Navy surgeon honoured with AM for exceptional service

Published on LEUT Sarah West (author), CPL Christopher Dickson (photographer), LSIS Jake Badior (photographer)

Topic(s): Australia Day Honours, Order of Australia

Royal Australian Navy Commander and orthopaedic surgeon, Dr Ian Young, at the office, an operating theatre of the NATO Role 3 Multi National Medical Unit in Kandahar. (photo: CPL Christopher Dickson)
Royal Australian Navy Commander and orthopaedic surgeon, Dr Ian Young, at the office, an operating theatre of the NATO Role 3 Multi National Medical Unit in Kandahar.

After a long day of performing surgeries on multiple casualties at the Role 3 Multinational Medical Unit at Kandahar Air Field in 2012, Royal Australian Navy Orthopaedic Surgeon Ian Young found himself treating an Australian soldier who had been critically wounded by an IED explosion.

The soldier's blast wounds were so bad that they resulted in lower limb amputations from both legs. 

Caring for the Aussie digger was one of the more emotional experiences of the Navy doctor's three deployments to Afghanistan, but turned out to be one of the most rewarding. 

After six years which featured more deployments and a promotion to Captain, Doctor Young was reunited with the soldier under much better circumstances. It was a memorable experience. 

This Australia Day, Captain Young has been appointed a Member in the Military Division of the Order of Australia (AM) in recognition of his exceptional service in the delivery of operational medical services to Australian Defence Force personnel on Operations RELEX, PADANG ASSIST, RENDER SAFE, OKRA and SLIPPER. 

His citation reads:

For exceptional service in the delivery of operational medical services to the Australian Defence Force on Operations RELEX, PADANG ASSIST, RENDER SAFE, OKRA and SLIPPER.

Commander Young provided exceptional service as a leader, surgical mentor and innovator in the delivery of specialist orthopaedic medical services to the Australian Defence Force and Coalition partners. Through innovation and the application of complex surgical techniques, teams led by Commander Young were able to restore both an element of dignity and mobility to the most vulnerable and severely wounded. His commitment and expertise has ensured the best possible outcomes for casualties with significant injuries.

Captain Young originally joined the Canadian Forces (Navy) and transferred into the Royal Australian Navy in 1998.

He became a fully-qualified Orthopaedic Surgeon in January 2008, after completing his specialist training under the Medical Officer Specialist Training Scheme (MOSTS).

The newly specialised Doctor Young was the only full-time medical specialist in the Navy when he completed MOSTS.

Since then, he has helped to grow and develop the Medical Specialist Program to its current workforce of 25 personnel in five specialities, including Orthopaedic Surgery, General Surgery, Anaesthetics, Emergency Medicine and Intensive Care Medicine – an achievement he feels is an important legacy.  

Throughout his career, he has enjoyed postings to HMAS Cerberus, the Submarine Underwater Medical Unit (SUMU) at HMAS Penguin, and the Maritime Role 2E Primary Casualty Reception Facility (now known as the Maritime Operational Health Unit).

A Task Group Taji medical team operates on a Coalition soldier while deployed in Iraq, from left: Australian Army Theatre Technician Private Jason Miller, Royal Australian Air Force General Surgeon Squadron Leader Daron Cunningham, Australian Army Anaesthetist Colonel Michael Reade (rear) and Royal Australian Navy Orthopaedic Surgeon Commander Ian Young.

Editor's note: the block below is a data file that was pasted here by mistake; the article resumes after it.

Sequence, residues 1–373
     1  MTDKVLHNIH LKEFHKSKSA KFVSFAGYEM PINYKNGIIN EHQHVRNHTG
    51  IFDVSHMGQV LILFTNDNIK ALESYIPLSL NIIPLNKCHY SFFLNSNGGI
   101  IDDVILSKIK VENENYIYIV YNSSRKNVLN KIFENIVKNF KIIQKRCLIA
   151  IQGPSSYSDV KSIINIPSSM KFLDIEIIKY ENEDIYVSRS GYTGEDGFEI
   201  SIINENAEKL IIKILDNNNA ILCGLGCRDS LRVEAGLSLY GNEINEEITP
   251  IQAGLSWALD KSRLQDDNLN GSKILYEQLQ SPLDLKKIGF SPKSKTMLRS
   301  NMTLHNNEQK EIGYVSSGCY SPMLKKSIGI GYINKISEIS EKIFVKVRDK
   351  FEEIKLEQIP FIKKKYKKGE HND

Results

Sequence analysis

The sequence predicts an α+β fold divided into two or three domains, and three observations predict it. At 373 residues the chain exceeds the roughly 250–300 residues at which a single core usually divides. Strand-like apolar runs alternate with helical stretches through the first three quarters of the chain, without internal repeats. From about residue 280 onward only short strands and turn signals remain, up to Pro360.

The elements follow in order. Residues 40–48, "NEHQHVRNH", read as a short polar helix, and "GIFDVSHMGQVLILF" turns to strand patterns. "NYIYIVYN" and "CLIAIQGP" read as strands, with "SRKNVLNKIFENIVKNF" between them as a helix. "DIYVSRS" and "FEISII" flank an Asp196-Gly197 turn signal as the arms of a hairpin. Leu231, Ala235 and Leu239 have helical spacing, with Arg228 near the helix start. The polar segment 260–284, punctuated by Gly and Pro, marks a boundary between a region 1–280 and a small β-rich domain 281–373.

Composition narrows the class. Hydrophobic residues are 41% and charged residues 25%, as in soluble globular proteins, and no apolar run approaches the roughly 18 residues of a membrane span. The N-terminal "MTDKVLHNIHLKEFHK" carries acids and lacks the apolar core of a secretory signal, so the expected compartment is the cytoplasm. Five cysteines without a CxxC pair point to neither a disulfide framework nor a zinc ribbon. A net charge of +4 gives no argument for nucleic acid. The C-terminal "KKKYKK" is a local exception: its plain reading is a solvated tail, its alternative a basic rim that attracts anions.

A Task Group Taji medical team operates on a Coalition soldier while deployed in Iraq, from left: Australian Army Theatre Technician Private Jason Miller, Royal Australian Air Force General Surgeon Squadron Leader Daron Cunningham, Australian Army Anaesthetist Colonel Michael Reade (rear) and Royal Australian Navy Orthopaedic Surgeon Commander Ian Young.

He’s currently serving as Director of Specialist Medical Capability - Navy.

This current role has him sharing his time between managing health capability development and conducting ongoing regular clinical placements as an Orthopaedic Surgeon at Frankston Hospital, in order to maintain his clinical skills and ability to deploy at short notice.

In fact, Captain Young has an acute understanding of what’s required to be an effective surgeon in a broad range of deployed environments. His operational service includes deployments on Operation RELEX (HMAS Warramunga - 2001), Operation PADANG ASSIST (HMAS Kanimbla - Indonesia - 2009), Operation SLIPPER (2010 and twice in 2012), Operation RENDER ASSIST (HMAS Choules - Bougainville - 2014), Operation OKRA (Iraq - 2016) and Operation APEC ASSIST (HMAS Adelaide - Papua New Guinea - 2018).

“In particular, my deployments to Afghanistan and Iraq were professionally rewarding,” Captain Young said.

“I was very proud to lead a group of Australian health specialists in Kandahar.”

“I was also very proud to serve as the Director of Clinical Services for the ANZAC Role 2E hospital in Taji, Iraq,” he said.

Arguably, no one will be happier to see Captain Young honoured this Australia Day than the many hundreds of men and women he’s treated while deployed on Australian Defence Force operations.

“I am deeply humbled to receive this honour,” Captain Young said.

“I'm extremely proud to serve my new country of Australia and am in awe of the wonderful people I have deployed and worked with over the years,” he said.

Captain Young was one of two Royal Australian Navy members to be appointed a Member in the Military Division of the Order of Australia this Australia Day, sharing the honour with Commodore Michael Miko.

Overall, twenty three members of the Royal Australian Navy have been recognised in the 2019 Australia Day Honours List today.